Wednesday, March 16, 2011

The Challenge of Libya in the Face of Japan's Nuclear Disaster

The Libya situation presents a challenge to us as a people and as human beings.

Only last week we were frightened and concerned, wanting to do something to help the brave rebels. Today, as is typical in our neck of the planet, our attention has shifted elsewhere. True, the Japanese earthquake was horrific, dramatic, attention grabbing. But the events unfolding at the nuclear reactor are what are hogging the limelight now, despite the fact that we in North America will be unaffected -- even in a worst-case scenario -- and despite the fact that more Libyans are dying this week than Japanese have and will from a reactor meltdown. More Libyans are in imminent danger of not only losing their lives in the immediate battle with Gaddafi, but also if he wins, in the inevitable "cleanup."

Before the earthquake and before the irrational fear of all things nuclear took hold, the public was calling for a no-fly zone in Libya. Britain and France still are. These are the same two countries who in previous similar situations grew tired of the whole thing and told the US to take over completely. And this is the same part of the world who join with us in deciding that the fighting in Afghanistan has gone on "long enough." If we institute a no-fly zone in Libya, won't we then have an obligation to stay until Libyans are on their feet and safe from the likes of Gaddafi? There's always some greedy, aggressive human who knows how to exploit and choke a people while they're still weak from fighting and still finding their way to freedom and democracy.

Once we invaded Afghanistan to rout the Taliban, once the West invaded Iraq to rout Saddam, then we had an obligation to stay until both men and women were safe enough to live, to work, to learn, to celebrate.

But in neither country has that happened.

Still, we want to leave because it's been "too long" already and we don't like seeing our soldiers coming home in rectangular flag-draped cans, forget the human cost -- the woman cost -- our leaving will create. Only in North America or the West do we expect conflicts to have a due date, as if human greed and aggression should just go away and people should instantly know how to live as a free and civil society. It is too boring to have to focus on the same people, the same conflict for so long. It is too wearisome to have to fight for decades, though we did it for ourselves in centuries past to gain our own freedom and release from oppression.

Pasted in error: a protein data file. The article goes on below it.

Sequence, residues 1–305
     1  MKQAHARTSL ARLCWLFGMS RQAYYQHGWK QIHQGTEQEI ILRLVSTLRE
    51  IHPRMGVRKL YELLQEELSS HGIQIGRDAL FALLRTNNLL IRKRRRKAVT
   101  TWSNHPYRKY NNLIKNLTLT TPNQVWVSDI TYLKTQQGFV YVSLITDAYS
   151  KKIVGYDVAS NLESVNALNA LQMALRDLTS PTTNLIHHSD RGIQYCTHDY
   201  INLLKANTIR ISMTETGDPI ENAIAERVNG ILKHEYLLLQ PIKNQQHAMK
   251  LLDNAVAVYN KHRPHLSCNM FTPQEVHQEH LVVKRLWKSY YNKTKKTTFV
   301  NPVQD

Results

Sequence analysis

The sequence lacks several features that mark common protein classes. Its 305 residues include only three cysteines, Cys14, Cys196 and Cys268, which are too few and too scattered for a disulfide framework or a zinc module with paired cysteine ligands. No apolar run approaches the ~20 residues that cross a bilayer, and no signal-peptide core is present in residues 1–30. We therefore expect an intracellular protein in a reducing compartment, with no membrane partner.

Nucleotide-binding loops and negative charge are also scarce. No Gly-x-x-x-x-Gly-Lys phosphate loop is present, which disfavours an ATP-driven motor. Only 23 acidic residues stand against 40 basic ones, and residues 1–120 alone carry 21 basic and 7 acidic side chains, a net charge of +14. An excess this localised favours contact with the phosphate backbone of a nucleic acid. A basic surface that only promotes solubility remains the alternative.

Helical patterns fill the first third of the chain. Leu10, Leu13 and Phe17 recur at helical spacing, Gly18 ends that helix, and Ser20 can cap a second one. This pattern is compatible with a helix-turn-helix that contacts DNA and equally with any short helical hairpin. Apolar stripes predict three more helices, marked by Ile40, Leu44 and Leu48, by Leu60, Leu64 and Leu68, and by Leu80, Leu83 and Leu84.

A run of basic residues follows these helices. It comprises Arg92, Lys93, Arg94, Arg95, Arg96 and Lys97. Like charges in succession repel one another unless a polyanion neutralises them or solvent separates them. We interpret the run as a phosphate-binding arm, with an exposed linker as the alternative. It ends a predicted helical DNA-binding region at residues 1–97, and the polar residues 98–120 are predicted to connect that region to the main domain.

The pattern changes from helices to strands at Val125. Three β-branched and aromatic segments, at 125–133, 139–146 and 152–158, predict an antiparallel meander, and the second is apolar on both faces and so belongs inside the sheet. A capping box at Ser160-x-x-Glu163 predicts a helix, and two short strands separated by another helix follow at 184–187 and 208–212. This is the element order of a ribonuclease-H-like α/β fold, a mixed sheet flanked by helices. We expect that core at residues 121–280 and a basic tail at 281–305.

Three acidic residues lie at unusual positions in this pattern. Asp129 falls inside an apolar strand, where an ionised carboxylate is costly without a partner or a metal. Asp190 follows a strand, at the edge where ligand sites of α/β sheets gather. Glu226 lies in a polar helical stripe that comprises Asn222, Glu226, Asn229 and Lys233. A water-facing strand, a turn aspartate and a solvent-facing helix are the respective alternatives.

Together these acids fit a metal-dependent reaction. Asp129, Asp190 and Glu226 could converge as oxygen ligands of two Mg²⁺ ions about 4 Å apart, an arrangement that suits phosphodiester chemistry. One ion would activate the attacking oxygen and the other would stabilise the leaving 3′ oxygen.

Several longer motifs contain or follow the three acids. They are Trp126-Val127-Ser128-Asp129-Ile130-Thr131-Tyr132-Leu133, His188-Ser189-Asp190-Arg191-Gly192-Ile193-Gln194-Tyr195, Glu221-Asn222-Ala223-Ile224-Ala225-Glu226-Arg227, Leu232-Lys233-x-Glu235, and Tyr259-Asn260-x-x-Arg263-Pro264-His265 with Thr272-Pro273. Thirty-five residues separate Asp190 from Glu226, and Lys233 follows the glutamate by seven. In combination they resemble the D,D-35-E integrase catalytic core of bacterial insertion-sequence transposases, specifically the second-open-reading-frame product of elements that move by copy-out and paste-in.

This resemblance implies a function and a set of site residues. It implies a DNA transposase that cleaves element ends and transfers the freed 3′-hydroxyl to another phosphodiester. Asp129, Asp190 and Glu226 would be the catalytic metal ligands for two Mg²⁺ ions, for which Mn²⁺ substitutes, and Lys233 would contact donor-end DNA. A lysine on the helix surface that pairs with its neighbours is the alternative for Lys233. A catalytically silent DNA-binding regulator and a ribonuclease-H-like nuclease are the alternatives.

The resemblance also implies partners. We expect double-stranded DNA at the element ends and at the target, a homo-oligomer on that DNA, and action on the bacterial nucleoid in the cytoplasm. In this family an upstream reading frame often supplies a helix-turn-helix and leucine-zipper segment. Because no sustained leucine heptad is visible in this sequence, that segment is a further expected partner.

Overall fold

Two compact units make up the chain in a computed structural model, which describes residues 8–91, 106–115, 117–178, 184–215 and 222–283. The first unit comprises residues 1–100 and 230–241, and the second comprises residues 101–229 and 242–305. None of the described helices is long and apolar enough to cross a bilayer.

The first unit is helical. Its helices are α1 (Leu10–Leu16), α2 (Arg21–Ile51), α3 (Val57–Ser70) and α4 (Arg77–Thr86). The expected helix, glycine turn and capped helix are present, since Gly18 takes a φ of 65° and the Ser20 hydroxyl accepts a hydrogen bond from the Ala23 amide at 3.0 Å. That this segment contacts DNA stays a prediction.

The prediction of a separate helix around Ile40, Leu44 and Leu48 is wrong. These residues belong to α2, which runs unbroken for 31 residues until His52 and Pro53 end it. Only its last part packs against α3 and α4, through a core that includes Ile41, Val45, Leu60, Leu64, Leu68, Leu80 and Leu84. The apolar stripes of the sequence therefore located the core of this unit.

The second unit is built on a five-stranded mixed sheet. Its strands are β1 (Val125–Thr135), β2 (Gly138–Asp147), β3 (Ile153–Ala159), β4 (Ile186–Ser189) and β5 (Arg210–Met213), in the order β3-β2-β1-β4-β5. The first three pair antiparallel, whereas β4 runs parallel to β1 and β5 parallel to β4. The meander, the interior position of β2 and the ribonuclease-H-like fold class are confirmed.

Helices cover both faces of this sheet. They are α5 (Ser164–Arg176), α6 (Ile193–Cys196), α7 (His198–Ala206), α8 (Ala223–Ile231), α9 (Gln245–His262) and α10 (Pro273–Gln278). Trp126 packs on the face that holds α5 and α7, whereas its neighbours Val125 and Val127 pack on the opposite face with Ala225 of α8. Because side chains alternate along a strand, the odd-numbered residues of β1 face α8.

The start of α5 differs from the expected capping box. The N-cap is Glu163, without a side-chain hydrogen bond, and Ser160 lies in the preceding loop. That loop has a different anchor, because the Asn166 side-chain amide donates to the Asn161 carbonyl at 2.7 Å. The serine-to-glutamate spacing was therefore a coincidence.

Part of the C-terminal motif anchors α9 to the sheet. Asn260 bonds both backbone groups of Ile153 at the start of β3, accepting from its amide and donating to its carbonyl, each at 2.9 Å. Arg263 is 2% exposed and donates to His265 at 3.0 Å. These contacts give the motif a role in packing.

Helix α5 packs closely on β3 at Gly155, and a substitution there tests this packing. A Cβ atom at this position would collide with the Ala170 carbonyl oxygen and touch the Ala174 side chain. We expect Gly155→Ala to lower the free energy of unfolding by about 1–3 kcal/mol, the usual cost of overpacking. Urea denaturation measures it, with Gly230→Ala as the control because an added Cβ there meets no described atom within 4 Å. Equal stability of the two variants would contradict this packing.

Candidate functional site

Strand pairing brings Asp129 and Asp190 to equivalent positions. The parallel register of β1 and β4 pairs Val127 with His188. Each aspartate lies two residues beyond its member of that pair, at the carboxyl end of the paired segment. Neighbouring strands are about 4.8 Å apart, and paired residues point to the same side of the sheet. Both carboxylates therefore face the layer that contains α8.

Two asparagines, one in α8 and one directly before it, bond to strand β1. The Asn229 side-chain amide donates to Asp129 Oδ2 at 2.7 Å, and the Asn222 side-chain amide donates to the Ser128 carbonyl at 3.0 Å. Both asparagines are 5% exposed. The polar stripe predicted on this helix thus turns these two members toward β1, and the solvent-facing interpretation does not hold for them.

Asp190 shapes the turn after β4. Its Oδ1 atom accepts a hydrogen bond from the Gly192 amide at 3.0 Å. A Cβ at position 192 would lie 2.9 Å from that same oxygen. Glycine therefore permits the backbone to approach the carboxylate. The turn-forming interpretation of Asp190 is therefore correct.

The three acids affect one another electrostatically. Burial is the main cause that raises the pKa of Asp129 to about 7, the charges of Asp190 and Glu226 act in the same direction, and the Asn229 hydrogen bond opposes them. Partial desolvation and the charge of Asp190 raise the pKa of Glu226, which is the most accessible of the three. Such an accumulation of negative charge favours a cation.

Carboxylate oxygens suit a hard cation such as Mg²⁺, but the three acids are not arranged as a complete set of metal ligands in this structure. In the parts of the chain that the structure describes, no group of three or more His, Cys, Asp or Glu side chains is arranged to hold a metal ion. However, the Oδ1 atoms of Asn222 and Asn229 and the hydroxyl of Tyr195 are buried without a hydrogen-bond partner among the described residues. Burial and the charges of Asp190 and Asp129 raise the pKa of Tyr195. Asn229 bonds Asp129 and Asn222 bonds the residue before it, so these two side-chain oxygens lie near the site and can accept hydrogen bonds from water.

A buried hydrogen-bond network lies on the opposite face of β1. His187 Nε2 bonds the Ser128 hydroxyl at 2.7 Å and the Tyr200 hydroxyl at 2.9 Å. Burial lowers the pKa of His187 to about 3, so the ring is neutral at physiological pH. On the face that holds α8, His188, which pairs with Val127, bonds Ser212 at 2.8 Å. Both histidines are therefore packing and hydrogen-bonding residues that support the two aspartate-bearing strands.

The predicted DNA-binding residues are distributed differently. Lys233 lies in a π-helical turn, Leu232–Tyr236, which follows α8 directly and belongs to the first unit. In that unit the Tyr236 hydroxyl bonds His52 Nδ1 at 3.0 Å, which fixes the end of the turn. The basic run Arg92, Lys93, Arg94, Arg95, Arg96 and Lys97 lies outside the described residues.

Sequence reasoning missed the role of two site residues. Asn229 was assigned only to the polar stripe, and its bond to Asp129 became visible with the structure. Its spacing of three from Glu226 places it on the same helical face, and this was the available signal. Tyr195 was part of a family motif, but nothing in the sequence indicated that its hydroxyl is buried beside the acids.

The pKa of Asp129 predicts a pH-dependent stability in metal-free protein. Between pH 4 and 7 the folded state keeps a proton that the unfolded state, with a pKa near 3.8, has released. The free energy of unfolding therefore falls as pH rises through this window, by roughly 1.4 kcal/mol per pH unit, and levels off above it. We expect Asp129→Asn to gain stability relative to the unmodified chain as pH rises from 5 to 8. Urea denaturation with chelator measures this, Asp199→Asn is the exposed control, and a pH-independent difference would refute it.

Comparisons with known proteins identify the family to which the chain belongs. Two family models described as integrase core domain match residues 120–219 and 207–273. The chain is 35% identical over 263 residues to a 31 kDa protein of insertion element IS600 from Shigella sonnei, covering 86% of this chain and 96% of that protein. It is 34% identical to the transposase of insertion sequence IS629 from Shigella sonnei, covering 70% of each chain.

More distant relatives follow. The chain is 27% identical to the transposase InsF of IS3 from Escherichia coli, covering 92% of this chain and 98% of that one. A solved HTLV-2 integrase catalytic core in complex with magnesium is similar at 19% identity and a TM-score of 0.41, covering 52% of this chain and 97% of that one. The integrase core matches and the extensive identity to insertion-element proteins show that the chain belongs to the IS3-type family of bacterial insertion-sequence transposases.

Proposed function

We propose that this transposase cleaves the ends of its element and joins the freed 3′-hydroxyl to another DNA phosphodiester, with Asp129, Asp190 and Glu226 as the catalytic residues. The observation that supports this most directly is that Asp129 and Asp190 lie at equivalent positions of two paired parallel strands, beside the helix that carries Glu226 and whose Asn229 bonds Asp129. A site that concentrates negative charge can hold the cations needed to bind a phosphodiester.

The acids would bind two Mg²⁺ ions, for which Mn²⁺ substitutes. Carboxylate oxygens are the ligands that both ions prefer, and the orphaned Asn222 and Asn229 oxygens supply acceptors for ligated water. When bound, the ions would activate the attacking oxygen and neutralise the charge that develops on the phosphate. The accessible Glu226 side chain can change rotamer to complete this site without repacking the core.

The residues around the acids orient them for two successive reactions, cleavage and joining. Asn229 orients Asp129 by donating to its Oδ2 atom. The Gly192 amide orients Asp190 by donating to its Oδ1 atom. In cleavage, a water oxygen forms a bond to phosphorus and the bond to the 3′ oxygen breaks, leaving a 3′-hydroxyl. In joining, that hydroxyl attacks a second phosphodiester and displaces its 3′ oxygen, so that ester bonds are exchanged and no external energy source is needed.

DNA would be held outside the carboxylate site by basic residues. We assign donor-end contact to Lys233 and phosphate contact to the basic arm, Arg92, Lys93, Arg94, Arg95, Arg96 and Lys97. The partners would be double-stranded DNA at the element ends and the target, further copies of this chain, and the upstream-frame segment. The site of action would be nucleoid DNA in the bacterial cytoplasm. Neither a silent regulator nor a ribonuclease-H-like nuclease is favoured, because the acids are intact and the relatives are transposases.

Perhaps that is the key: we must let peoples of other lands go through the same grinding process we did, though our hearts break over their deaths and suffering. When we have intervened in past civil wars or conflicts, it has lead to an impasse with a divided border (Cyprus, Korea) or us growing restive about leaving already.

But what of the women?

We know that leaving Afghanistan means that women and girls will once more be locked away, once more have to secretly get an education, once more be subjugated, beaten, and murdered solely because of their gender. Is that worth staying and fighting for? Apparently not. For time is up. So how would it be any different in Libya? They too are a society unused to democracy and freedom and, like all Arab countries, unused to treating "their" women as equals.

Fortunately for Gaddafi, the ground shook under Japan, a wall of water shut down the diesel backup generators at one of its nuclear plants, and his actions have become a small, middle story on the news, or swept off the front page altogether for, like, it's so yesterday's news. Our sense of brotherhood (not sisterhood or fellow-hood) is no longer being poked into an uncomfortable feeling and making us watch Gaddafi. A few humans, the one who always cry for social justice, continue to demand a no-fly zone. But as a people we've quietened down in our demands and our attention.

So who are we as a people if our compassion has an expiry date? If we are so easily distracted away from unfolding tragedy by other news? If we are unwilling to sacrifice our time, money, and lives over years and decades, like we once were, to give another people a chance at freedom from oppression and arbitrary torture and death?

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